SpinLaunch expands New Mexico test site. SpinLaunch expects to perform the first suborbital tests of a prototype of its centrifugal system for launching small satellites later this year from New Mexico. The company, based in Long Beach, California, has said little about its efforts to develop a mass accelerator that would, in effect, serve as the first stage of a smallsat launch system, an approach the company argues will allow it to launch payloads at lower costs and higher frequencies than traditional launch vehicles. It has raised $80 million to date, including a $35 million round a year ago. While SpinLaunch has offered few details about its technology, it did announce Dec. 15 that it is expanding its operations at Spaceport America in New Mexico. In a joint statement with the state’s Economic Development Department, SpinLaunch said it planned to hire 59 more people at the site “and complete the build of its suborbital centrifugal launch system for its next phase of development.”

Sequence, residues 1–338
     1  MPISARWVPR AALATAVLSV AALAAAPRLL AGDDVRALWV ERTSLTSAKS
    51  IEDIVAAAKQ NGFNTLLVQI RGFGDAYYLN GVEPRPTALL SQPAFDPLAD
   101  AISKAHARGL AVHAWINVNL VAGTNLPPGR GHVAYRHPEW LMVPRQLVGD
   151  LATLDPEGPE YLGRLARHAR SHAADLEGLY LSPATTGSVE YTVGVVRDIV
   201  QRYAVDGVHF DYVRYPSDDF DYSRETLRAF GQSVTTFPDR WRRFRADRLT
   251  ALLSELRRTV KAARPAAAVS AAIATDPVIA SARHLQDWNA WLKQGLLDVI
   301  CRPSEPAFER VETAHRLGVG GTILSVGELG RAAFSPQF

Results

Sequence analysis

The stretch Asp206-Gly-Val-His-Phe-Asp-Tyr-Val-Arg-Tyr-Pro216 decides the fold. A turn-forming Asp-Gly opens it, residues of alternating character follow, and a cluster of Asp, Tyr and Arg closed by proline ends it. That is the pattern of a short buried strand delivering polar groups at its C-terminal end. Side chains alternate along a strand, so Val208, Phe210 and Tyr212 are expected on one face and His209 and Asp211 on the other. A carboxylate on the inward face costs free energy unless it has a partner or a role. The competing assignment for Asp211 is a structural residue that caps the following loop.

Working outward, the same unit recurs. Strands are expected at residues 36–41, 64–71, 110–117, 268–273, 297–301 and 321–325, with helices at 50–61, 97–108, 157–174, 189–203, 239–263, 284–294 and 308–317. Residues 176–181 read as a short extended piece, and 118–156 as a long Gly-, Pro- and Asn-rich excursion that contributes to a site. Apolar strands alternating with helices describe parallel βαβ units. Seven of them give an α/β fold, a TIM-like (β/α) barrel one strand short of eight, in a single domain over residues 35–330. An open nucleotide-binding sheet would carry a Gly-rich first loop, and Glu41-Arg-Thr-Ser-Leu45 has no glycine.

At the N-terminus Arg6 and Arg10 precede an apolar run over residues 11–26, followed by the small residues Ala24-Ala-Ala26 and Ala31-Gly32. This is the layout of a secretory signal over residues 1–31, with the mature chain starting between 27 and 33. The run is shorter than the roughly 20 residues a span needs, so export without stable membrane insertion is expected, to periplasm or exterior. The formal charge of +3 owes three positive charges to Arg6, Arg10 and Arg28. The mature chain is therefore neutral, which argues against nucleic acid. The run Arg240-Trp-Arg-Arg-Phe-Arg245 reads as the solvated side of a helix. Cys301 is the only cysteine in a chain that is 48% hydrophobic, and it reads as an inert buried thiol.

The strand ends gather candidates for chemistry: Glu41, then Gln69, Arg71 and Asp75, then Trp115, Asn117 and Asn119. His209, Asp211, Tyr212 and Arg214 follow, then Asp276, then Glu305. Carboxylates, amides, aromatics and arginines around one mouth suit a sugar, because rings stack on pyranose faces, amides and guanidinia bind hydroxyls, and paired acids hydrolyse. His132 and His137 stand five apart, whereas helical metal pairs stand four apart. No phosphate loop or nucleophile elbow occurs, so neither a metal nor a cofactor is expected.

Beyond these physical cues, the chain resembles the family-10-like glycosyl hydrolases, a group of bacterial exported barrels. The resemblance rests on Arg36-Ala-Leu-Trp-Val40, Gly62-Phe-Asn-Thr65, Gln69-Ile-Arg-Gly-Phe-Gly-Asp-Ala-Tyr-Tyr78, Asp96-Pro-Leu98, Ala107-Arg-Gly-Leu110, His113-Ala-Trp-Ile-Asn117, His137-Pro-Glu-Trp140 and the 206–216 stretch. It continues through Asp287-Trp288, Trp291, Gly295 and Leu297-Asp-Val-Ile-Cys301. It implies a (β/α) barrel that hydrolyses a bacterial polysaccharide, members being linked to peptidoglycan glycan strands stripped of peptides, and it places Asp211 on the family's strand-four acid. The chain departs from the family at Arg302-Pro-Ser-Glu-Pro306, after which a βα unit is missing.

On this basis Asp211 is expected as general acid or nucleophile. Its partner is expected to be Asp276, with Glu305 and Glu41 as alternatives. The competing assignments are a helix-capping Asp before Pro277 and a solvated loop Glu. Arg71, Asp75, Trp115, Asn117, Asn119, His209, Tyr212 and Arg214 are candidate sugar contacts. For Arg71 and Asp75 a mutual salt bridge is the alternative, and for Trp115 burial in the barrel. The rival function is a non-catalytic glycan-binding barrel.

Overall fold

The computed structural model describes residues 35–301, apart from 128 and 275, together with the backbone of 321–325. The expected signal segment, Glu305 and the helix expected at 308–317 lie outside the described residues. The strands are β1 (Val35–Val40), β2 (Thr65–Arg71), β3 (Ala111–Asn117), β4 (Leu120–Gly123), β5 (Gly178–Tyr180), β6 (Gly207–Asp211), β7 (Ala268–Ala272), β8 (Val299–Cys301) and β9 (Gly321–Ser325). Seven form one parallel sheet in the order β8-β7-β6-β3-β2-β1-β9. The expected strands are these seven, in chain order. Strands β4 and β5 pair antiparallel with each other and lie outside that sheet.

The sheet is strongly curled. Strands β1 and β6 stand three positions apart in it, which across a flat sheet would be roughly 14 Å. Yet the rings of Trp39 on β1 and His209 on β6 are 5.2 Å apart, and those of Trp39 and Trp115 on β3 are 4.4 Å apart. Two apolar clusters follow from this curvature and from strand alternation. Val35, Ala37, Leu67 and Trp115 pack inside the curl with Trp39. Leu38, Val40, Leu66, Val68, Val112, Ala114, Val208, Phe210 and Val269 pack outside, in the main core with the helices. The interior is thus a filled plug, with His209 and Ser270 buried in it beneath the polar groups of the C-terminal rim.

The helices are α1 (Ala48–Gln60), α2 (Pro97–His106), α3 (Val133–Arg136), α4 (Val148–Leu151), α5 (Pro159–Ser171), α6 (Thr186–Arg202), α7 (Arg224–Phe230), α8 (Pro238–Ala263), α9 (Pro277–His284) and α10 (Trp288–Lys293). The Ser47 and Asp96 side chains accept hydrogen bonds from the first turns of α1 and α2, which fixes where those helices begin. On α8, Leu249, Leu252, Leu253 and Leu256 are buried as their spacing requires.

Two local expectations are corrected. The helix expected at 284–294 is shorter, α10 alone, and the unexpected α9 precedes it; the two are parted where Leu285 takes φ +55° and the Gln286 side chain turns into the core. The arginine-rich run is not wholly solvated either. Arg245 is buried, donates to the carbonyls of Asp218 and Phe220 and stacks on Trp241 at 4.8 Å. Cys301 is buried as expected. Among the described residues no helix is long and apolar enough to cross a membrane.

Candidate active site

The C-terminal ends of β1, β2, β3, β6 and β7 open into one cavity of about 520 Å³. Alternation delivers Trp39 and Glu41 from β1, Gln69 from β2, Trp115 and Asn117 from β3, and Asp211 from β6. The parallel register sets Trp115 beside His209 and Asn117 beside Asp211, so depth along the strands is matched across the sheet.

https://spacenews.com/spinlaunch-exp...ico-test-site/
    ...seriously, why are people giving these guys money? They make ARCA look like a sound investment.

  21. #81
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    Quote Originally Posted by cjameshuff View Post
    ...seriously, why are people giving these guys money? They make ARCA look like a sound investment.
    I haven't heard anything else about SpinLaunch, just this article.
    Do good work. —Virgil Ivan "Gus" Grissom

  22. #82